It’s clear that loads of people are becoming more conscious about what they’re putting on their bodies. Sometimes, a brand needs to create synthetic ingredients in order to ensure their product will work well every single time. Just because something’s made in a lab, doesn’t mean it’s toxic — and just because something’s completely natural, doesn’t mean it’s not (arsenic, anyone?).
Ingredients that can get a beauty product labeled as “natural” are often paired with other additives that can be detrimental to our skin. Many ‘natural’ personal care products have few associated studies to demonstrate efficacy and safety akin to that of FDA-regulated products. Some items branded as ‘natural’ in fact contain chemicals.
It’s always important to actually read the ingredients label, and not just rely on language on the front of a bottle that implies something is natural.
Many people looking for natural products are hoping for a shorter ingredient list. And while it’s true that long lists full of things you can’t pronounce aren’t always great, a lot of organic ingredients require additional additives to provide any skin care benefits.
If you just put something on the skin, many times it’s not going to get absorbed. That’s the point of our skin, after all: to stop foreign objects from reaching our insides.
If you’re going to put something on the skin, you want an oil base so it can mix with the top layer of our epidermis.
For example: If you have something, say rose hip water, and you just put that on the skin, that’s not going to penetrate. But rose hip is a good antioxidant and anti-inflammatory so why not take that and encapsulate it a little bit of an oil molecule around it, and then apply it to the skin.
Most of the shelf-life of organic ingredients is about three months. That’s not an inherently negative thing, but it does mean you’ll need to be mindful about restocking. You can keep your organic products in the refrigerator to help preserve them, but that it’s extra important to dump them once they pass the expiration date.
Parabens get a bad rap, and many natural brands brag that their products don’t contain any. However, parabens are a very large molecule and they sit on top of the skin and they don’t get absorbed throughout. And it’s one of the best preservatives we that we have.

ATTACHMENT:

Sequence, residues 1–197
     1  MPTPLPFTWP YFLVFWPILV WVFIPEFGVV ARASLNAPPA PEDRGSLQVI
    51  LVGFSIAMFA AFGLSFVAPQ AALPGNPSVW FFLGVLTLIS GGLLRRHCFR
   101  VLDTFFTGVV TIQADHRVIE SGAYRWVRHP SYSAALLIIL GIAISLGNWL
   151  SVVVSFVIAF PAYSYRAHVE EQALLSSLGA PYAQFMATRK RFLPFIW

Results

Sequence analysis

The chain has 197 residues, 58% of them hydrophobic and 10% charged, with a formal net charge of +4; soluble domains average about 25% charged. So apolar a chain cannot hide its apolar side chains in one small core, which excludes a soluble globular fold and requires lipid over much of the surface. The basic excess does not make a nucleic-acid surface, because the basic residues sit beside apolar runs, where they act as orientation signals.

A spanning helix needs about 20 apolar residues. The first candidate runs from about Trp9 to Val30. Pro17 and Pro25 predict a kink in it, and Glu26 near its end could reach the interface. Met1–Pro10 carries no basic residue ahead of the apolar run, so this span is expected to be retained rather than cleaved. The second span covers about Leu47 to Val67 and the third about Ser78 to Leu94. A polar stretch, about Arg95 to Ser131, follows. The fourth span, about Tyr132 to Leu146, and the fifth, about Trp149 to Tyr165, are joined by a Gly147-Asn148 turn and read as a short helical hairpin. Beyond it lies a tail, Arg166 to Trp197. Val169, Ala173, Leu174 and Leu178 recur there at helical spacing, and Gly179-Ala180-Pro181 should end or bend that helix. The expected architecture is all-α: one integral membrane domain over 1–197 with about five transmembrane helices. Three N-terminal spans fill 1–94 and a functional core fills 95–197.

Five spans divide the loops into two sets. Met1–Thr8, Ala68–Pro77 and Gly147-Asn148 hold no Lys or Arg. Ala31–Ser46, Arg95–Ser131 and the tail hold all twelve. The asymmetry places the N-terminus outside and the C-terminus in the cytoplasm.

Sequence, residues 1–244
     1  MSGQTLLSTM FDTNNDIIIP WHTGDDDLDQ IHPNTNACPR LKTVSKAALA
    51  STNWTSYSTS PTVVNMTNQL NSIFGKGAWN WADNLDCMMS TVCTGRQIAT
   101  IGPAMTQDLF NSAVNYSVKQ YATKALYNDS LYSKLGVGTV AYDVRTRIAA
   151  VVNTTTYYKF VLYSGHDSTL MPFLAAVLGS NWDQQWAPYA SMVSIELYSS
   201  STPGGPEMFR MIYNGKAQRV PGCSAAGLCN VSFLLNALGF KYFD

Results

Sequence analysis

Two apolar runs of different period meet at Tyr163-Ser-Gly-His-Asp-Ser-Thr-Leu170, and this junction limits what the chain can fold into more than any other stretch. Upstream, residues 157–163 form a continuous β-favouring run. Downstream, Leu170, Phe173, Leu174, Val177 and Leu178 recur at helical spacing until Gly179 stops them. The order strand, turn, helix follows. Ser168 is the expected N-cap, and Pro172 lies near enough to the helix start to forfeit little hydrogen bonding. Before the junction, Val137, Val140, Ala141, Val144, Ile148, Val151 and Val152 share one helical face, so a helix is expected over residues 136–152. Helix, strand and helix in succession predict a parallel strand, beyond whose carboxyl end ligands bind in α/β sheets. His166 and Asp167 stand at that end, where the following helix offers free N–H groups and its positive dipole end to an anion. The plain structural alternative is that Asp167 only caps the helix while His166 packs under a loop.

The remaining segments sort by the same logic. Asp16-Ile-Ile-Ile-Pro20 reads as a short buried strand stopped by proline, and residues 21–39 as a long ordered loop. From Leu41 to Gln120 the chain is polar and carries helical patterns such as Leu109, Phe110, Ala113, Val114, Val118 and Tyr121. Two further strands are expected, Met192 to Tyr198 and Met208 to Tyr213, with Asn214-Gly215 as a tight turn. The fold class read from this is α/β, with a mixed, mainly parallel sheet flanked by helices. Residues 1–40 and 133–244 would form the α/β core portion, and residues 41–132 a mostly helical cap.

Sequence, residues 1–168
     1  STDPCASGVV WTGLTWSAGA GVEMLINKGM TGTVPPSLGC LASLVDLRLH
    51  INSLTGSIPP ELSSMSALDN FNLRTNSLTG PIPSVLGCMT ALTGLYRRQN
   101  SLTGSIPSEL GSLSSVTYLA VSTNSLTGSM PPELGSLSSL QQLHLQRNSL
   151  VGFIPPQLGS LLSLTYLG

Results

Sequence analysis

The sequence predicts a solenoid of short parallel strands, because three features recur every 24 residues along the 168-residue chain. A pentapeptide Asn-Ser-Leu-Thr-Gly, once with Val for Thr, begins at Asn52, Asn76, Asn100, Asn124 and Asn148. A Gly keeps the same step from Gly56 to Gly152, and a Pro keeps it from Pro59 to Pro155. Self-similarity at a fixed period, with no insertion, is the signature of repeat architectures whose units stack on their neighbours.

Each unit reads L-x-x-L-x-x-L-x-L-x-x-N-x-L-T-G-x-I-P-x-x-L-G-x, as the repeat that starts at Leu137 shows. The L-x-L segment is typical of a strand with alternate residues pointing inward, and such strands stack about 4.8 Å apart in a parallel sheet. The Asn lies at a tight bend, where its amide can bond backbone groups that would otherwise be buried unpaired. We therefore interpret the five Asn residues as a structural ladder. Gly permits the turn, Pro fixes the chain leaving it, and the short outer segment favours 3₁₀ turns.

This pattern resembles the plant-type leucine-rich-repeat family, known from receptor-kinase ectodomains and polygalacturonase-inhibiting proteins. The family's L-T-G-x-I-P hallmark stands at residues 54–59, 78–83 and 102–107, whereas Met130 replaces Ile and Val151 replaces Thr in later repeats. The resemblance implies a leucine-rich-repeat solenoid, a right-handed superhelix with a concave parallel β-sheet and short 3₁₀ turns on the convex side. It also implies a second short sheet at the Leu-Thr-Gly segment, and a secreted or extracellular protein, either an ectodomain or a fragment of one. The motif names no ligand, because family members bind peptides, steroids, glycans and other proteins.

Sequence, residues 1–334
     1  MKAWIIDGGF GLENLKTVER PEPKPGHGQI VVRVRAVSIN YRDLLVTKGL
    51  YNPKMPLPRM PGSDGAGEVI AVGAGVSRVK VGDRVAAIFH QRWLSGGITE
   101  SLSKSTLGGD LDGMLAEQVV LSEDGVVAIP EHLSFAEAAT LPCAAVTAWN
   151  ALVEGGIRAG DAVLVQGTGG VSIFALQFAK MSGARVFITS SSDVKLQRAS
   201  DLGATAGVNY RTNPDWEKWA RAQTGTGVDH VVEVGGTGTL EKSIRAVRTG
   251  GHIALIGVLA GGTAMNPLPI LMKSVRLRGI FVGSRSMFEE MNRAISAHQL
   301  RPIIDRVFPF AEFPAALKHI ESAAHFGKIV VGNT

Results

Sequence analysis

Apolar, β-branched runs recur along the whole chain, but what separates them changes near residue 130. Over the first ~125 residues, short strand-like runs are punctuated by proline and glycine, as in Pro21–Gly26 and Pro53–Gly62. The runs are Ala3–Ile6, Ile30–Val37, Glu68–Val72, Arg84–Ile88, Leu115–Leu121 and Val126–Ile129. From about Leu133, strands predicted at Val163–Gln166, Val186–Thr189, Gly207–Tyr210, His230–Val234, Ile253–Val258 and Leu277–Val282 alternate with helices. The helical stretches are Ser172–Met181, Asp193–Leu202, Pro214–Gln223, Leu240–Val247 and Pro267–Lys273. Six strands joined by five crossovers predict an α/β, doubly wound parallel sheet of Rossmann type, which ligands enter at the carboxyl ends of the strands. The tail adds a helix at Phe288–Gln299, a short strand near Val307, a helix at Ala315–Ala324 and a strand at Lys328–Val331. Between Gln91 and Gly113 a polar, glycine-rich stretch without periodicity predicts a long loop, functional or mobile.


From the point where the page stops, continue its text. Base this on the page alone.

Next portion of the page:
Although a 2004 study found parabens in breast cancer tissue, causality was not established in that study. In addition, further research is still needed to prove that any of the paraben alternatives on the market are any safer for our health. Besides, ketchup has more parabens than a topical cream we’re putting on… and we’re ingesting it.
The two most commonly used parabens in ketchup, methylparaben and propylparaben, are on the FDA’s Generally Recognized as Safe (GRAS) list as long as they make up less than 0.1% of the product ingredients. Since there is no regulation on parabens in cosmetics, these types of stats for your makeup are difficult to confirm.
Since there isn’t a ton of scientific evidence available about natural products, a lot of misinformation about them gets spread across the internet. Before you take anything you read online to heart, it’s always good to consult with a professional skin therapist or Dermatologist.
One of the the most common questions to ask them is whether sunscreens are safe, and I am referring to the popular theory that chemical sunscreens could be poisoning you.
One in five South Africans develop skin cancer. Sunscreens are regulated by the FDA. There are no studies published in the literature that demonstrate credible safety issues.
Sunscreen is a critical tool to prevent skin cancer and saves lives.You don’t have to use traditional chemical sunscreens to fulfill your SPF need, however. Patients with sensitive skin or dermatological conditions such as rosacea may opt to use a ‘natural sunscreen’ with physical blockers such as titanium dioxide or zinc oxide.
A product with SPF 15 will protect you from 93 percent of UVB rays, while SPF 30 will protect you from 97 percent. Since neither of those are 100 percent, we recommend staying in the shade and wearing sunglasses and a wide-brimmed hat, no matter what type of sunscreen you choose.
Think tree pollen, nuts, stone fruits, etc — cause allergic reactions, and the same goes for organic ingredients in beauty products. Ingredients created in a lab can be more carefully formulated for sensitive skin, but if you’re determined to go natural, just make sure you do a patch test on the inside of your arm before smearing a new organic cream all over your face.
I love natural ingredients. I think they’re great!. Oils that are high in omega-3 fatty acids — acids that our bodies need for cell health, but can’t produce on its own — are especially great in the winter, when the skin’s barrier starts to break down from the cold.Apple cider vinegar is another natural ingredient — in fact, using it to replace your shampoo once a week really can get rid of buildup caused by products.
Many dermatologists found that many natural ingredients that block melanin production or lighten melanin that has been produced work well for her patients with hyperpigmentation, specifically kojic acid, lignin peroxidase, ellagic acid, niacinamide, and soy. Unfortunately, prolonged usage can cause photosensitivity, she says, so just be sure to wear sunscreen, too.